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Cybersecurity Challenges for Program Managers


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Authors: Steve Mills and Rob Goldsmith

Cybersecurity threats to Department of Defense (DoD) acquisition programs are both challenging and complex. Program managers (PMs) have the daunting responsibility to minimize cybersecurity vulnerabilities in their systems against current and future cybersecurity threats.

To effectively address cybersecurity threats in DoD acquisition programs, PMs need a combination of the right policies, processes, people and tools. Furthermore, cybersecurity is dynamic by nature, requiring proactive engagement and expertise to minimize risk throughout the acquisition life cycle. Effective cybersecurity can only be achieved through a holistic approach that takes into account more than just information assurance compliance. This holistic approach includes areas of known cybersecurity risk for DoD programs and provides an effective framework for developing, planning and implementing an effective cybersecurity strategy. Such a strategy must be based on the following expanded set of areas:

  • Information Assurance
  • Hardware/Software Assurance
  • Supply Chain Risk Management
  • Blue Team—Computer Network Defense/Vulnerability Analysis
  • Red Team—Threat vulnerability/penetration testing

Failure to address all these areas as part of the cybersecurity effort will likely result in failure from a cybersecurity perspective. This article will briefly address revised DoD cybersecurity policy and highlight a unique Aviation and Missile Research, Development and Engineering Center (AMRDEC) cybersecurity initiative supporting DoD PMs.

New DoD Cybersecurity Policy

The focus and emphasis of cybersecurity within the DoD changed significantly with the release of DoD Instruction (DoDI) 8500.01 (Cybersecurity) and DoDI 8510.01 (Risk Management Framework for DoD Information Technology [IT]). A key purpose of these revised instructions is an attempt to align DoD cybersecurity efforts with the best practices of both private industry and other federal agencies. By doing so, DoD can leverage proven and effective processes to make DoD networks and systems more resilient against current and future cybersecurity threats. Another major focus of the revised DoD policy is to address cybersecurity risk in a manner that takes into account the unique challenges presented by such threats.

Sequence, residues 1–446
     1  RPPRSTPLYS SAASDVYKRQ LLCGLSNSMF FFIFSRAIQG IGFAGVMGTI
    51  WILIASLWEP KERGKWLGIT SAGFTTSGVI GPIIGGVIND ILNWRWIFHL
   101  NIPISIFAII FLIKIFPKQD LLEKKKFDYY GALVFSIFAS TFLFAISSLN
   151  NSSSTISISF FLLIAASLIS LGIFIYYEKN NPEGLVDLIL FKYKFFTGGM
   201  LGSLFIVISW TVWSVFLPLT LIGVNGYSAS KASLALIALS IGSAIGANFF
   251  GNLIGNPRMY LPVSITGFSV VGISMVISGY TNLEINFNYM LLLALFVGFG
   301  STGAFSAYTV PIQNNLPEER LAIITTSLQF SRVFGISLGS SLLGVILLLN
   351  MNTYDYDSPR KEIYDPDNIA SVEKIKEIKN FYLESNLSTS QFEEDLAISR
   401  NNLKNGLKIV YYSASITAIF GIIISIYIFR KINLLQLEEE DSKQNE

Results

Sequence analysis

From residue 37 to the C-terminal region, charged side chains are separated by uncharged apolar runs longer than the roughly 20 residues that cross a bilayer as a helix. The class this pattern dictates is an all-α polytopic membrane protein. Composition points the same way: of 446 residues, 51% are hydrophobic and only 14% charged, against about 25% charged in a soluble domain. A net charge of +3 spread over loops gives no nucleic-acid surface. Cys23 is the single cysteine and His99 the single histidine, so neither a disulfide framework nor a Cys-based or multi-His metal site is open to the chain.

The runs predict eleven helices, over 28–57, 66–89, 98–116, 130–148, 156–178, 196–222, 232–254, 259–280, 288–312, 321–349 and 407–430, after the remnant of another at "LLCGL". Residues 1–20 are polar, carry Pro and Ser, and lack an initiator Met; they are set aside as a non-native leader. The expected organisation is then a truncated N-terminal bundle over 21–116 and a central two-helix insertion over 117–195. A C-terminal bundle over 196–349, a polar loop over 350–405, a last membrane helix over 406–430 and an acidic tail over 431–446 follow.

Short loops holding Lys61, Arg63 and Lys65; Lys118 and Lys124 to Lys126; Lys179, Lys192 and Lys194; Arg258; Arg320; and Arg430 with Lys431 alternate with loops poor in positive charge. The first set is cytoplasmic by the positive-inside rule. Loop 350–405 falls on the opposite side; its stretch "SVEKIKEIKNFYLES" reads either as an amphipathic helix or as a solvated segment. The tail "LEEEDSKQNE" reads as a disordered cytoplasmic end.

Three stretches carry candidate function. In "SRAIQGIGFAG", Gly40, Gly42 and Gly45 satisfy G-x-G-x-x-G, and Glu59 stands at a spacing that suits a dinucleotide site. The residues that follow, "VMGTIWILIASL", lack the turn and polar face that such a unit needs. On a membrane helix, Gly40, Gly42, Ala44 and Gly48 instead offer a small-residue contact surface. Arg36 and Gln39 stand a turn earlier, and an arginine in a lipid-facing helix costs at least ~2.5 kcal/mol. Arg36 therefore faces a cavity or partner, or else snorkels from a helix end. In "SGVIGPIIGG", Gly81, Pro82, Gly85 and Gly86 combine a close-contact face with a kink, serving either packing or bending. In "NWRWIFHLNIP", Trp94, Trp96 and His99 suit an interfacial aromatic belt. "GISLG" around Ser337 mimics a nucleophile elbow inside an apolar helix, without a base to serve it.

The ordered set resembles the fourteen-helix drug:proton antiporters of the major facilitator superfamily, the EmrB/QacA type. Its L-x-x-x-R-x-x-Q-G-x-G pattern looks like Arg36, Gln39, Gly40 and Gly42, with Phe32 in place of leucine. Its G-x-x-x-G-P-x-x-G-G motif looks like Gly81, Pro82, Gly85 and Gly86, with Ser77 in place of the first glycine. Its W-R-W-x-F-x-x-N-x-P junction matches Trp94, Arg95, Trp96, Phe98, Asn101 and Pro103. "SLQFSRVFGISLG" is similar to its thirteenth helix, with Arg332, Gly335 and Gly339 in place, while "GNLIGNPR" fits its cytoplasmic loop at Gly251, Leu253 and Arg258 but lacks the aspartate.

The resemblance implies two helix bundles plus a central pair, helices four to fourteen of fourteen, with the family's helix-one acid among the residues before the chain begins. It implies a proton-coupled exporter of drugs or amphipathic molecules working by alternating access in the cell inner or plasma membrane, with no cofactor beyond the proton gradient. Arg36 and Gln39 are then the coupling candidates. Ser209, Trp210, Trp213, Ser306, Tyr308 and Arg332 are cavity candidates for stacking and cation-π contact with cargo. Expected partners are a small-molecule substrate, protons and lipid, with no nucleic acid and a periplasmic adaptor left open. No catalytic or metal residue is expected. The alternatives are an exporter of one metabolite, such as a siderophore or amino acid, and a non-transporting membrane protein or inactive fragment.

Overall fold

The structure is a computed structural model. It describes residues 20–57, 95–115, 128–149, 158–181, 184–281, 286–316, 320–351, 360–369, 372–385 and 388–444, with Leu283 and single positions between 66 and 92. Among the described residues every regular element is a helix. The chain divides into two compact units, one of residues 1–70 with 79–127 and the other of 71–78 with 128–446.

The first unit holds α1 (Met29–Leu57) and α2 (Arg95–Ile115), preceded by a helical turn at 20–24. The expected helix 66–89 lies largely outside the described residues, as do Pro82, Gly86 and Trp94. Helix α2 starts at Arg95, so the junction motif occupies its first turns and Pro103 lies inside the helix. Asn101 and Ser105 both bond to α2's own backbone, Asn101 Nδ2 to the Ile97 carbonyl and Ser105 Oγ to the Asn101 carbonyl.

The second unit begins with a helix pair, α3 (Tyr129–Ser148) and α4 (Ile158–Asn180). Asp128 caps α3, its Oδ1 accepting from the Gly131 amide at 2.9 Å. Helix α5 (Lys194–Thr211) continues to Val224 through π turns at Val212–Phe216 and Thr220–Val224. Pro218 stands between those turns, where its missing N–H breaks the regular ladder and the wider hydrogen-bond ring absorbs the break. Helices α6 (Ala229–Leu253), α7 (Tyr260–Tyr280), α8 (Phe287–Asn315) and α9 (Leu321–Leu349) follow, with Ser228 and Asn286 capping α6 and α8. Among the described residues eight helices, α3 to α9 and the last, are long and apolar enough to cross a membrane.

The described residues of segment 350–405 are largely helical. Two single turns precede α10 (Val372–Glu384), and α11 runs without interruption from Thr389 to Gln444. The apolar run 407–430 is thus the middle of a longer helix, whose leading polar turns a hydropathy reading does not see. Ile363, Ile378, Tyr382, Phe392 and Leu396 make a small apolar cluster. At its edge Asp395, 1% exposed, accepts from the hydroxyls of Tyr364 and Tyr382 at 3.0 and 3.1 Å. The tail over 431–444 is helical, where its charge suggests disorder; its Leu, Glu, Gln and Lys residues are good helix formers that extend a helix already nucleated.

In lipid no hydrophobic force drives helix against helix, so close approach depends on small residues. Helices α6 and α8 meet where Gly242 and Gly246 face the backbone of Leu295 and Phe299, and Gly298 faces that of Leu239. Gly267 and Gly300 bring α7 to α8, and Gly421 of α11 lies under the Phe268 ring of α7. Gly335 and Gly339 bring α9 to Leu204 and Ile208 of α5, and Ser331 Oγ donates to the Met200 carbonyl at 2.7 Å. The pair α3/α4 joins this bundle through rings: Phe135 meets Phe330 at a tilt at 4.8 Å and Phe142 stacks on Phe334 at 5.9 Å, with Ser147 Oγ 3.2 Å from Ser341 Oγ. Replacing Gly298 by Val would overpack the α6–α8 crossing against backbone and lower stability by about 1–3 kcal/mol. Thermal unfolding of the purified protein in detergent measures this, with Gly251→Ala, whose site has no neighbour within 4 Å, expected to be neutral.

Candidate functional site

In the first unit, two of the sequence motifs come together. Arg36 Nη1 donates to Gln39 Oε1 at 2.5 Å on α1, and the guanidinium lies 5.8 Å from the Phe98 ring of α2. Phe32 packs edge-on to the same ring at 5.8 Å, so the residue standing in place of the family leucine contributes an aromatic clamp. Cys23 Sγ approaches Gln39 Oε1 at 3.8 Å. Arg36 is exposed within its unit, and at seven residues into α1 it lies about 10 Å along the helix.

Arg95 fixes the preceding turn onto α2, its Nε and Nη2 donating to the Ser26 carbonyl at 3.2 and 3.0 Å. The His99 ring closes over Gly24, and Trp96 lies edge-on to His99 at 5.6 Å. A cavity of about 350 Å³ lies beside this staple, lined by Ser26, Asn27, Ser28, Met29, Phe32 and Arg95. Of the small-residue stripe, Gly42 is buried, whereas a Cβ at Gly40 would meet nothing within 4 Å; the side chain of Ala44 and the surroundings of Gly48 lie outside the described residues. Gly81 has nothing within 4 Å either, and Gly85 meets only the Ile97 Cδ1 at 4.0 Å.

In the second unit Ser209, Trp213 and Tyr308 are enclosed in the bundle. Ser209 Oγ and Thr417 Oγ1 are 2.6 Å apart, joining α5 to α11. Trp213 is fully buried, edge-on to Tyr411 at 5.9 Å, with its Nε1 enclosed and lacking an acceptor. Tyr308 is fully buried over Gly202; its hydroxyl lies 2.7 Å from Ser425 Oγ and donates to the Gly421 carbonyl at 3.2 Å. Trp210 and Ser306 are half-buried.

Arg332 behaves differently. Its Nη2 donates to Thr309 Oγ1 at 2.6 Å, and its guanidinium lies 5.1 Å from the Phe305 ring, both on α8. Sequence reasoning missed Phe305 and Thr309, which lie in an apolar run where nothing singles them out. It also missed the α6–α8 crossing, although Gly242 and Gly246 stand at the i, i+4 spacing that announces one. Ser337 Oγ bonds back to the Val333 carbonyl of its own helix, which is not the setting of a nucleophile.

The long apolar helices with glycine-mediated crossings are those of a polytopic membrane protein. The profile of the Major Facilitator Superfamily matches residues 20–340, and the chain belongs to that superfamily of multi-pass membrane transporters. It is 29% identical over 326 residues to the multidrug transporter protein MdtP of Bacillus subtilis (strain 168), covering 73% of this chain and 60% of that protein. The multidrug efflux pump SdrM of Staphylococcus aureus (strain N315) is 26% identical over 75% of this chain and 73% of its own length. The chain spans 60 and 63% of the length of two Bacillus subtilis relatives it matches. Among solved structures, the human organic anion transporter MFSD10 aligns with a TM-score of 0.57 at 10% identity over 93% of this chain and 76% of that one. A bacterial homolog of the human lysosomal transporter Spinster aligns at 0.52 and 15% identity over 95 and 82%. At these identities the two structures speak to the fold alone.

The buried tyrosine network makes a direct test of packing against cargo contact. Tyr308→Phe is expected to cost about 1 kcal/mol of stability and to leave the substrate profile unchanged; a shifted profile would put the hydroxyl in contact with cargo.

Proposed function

so14-10-secondaryThe revised DoDI 8500.01, titled Cybersecurity, provides several changes, including a revised focus. The term “Information Assurance” is no longer used and has been replaced with the term “cybersecurity.” A quick review of the DoD definition for both terms reveals little change in wording but a clear change in focus. First, the cybersecurity focus has been expanded to include communications systems, communications services, wire communications and electronic communications. Implicit in the definition above is an understanding that electronic and wire communications are increasing at an exponential rate and that providing security for those forms of communication is extremely important.

Additionally, this DoD instruction places increased emphasis on operational resilience, integration and interoperability. This emphasis recognizes the critical part interoperability plays in the development, acquisition and fielding of DoD systems and our ability to operate effectively on the battlefield. Finally, the term “cybersecurity” emphasizes the concept of prevention. Incorporating cybersecurity early in the acquisition life cycle is both proactive and preventive. DoDI 8500.01 advocates incorporating cybersecurity early and continuously throughout the acquisition life cycle. The acquisition life-cycle process embodied in DoDI 5000.02 promotes the importance of “upfront and early” planning and incorporation of logistics to ensure program success. This same proactive approach should be used for early incorporation of cybersecurity in the acquisition life-cycle process and is in line with the “Shift Left Initiative” advocated by Dr. Steven J. Hutchison, Acting Deputy Assistant Secretary of Defense for Developmental Test and Evaluation.

According to Hutchison:

The Shift Left initiative fundamentally is about improving DT&E to set the conditions for successful production and deployment. Shift Left achieves this goal through earlier identification and correction of failure modes, thereby avoiding the high costs of late cycle repair and reducing the impact to our warfighters of fielding capabilities that do not satisfy requirements. There are three key elements of Shift Left: earlier testing for interoperability, earlier testing of Cybersecurity, and conducting DT&E in a mission context.

Early incorporation of cybersecurity into the DoD acquisition life cycle will likely lower overall program risk and lead to better acquisition outcomes.